RECYCLING: Plastic plods are a waste of our money
PUBLISHED: 12:28 13 November 2008 | UPDATED: 08:43 02 June 2010
I SEE from last Friday s Wisbech Standard that our refuse vehicles are to be fitted with new in-cab technology and I would like to know exactly what this is intended to prove. In our own case (the Collier household that is) the green and brown bins wil
I SEE from last Friday's Wisbech Standard that our refuse vehicles are to be fitted with new "in-cab" technology and I would like to know exactly what this is intended to prove.
In our own case (the Collier household that is) the green and brown bins will go out on alternate weeks. This is largely because of the type of refuse that each contains. Both are, to a certain extent, liable to attract vermin and both are likely to smell.
The blue bin, however, is very often not likely to contain more than about a dozen plastic bottles and aluminium cans even after a fortnight has elapsed. Thus I have not tended to put this out perhaps for about a month or six weeks and at such a point as it has obtained a "reasonable payload".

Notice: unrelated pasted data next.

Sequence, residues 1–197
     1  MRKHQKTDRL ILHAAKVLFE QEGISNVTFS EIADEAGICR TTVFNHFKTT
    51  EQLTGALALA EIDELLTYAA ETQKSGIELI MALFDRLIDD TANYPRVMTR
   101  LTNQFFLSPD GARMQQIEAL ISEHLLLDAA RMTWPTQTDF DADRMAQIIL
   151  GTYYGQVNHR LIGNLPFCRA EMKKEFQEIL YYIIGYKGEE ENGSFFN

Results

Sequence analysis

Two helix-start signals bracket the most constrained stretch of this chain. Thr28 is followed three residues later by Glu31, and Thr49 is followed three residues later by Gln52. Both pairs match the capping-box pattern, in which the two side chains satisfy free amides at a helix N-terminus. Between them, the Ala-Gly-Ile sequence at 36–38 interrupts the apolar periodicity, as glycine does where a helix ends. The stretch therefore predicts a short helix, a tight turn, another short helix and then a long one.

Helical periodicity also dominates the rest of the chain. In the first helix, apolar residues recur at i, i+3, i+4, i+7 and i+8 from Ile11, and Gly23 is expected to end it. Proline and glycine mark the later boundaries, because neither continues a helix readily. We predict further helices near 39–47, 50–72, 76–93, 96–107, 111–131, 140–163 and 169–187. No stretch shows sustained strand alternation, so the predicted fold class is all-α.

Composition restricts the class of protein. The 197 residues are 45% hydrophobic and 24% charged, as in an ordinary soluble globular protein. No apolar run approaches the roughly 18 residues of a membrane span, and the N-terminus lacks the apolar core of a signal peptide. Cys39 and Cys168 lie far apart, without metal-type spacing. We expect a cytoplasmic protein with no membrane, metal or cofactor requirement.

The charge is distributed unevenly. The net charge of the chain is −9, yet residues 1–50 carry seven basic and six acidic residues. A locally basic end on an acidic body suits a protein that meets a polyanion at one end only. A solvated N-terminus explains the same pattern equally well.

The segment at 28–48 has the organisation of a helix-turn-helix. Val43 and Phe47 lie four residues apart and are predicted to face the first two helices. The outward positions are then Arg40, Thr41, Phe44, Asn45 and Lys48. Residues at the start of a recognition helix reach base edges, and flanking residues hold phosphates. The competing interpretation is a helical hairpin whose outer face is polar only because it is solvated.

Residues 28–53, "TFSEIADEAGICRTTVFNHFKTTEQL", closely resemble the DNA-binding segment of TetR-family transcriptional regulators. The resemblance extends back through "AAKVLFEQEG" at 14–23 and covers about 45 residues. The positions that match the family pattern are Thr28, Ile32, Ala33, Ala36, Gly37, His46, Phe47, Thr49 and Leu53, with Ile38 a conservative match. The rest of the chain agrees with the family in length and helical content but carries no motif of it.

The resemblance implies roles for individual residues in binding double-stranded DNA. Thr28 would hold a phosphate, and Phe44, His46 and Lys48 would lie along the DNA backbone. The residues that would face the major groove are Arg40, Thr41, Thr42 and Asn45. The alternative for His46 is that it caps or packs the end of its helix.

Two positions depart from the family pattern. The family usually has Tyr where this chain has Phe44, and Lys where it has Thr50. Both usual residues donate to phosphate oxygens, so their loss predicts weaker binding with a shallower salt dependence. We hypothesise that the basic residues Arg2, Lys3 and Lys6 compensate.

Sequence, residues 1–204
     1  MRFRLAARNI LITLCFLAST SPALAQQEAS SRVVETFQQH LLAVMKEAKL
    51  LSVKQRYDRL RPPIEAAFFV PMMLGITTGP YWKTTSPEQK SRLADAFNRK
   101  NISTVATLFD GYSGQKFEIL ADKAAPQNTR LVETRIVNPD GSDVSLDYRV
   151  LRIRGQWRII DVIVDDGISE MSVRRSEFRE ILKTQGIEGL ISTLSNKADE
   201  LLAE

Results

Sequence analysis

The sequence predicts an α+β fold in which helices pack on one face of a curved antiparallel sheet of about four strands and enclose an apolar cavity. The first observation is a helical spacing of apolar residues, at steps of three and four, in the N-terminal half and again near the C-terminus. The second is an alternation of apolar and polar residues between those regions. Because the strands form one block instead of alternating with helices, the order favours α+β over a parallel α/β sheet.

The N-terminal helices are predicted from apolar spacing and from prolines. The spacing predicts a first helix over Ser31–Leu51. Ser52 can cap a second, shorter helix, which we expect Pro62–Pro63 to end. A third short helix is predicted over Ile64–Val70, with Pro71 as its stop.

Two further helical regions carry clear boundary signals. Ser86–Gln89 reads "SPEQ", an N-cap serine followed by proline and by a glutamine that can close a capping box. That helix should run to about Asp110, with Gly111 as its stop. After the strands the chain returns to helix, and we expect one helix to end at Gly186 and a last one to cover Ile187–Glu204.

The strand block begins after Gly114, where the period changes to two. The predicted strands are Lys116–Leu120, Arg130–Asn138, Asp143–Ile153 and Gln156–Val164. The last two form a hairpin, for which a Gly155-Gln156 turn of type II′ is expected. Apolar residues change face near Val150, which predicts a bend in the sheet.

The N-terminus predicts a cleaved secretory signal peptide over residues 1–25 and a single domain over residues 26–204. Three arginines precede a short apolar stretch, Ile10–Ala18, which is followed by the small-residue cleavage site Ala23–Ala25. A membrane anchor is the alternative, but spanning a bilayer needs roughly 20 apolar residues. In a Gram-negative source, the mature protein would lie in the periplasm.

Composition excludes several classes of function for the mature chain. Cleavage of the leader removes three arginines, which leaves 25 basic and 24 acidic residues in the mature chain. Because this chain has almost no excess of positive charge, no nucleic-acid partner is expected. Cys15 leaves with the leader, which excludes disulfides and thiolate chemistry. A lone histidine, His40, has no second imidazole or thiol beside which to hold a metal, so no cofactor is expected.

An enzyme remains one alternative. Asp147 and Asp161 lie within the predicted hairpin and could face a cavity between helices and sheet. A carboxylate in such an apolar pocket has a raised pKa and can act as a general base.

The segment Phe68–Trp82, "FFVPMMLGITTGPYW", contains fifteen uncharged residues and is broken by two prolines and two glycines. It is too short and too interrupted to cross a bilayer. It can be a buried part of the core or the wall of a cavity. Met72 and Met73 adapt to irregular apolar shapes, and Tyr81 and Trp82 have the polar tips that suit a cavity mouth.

What sense is there in emptying an almost empty bin? As far as I know neither plastic bottles nor aluminium cans feature much in the general diet of rats.
Now having told you all this I am more than a little offended that our local council should then assume the right to "educate" me about re-cycling.
If, as Councillor Harper says, the aim of this is not to penalise those who don't recycle correctly, then why should he assume he has the right to insult the intelligence of those who do.
Presumably the next directive will be to reprimand those who do not generate enough rubbish to re-cycle, or maybe we shall be ordered to collect all the rubbish we can find on a walk into town for the purpose of filling our under filled bins.
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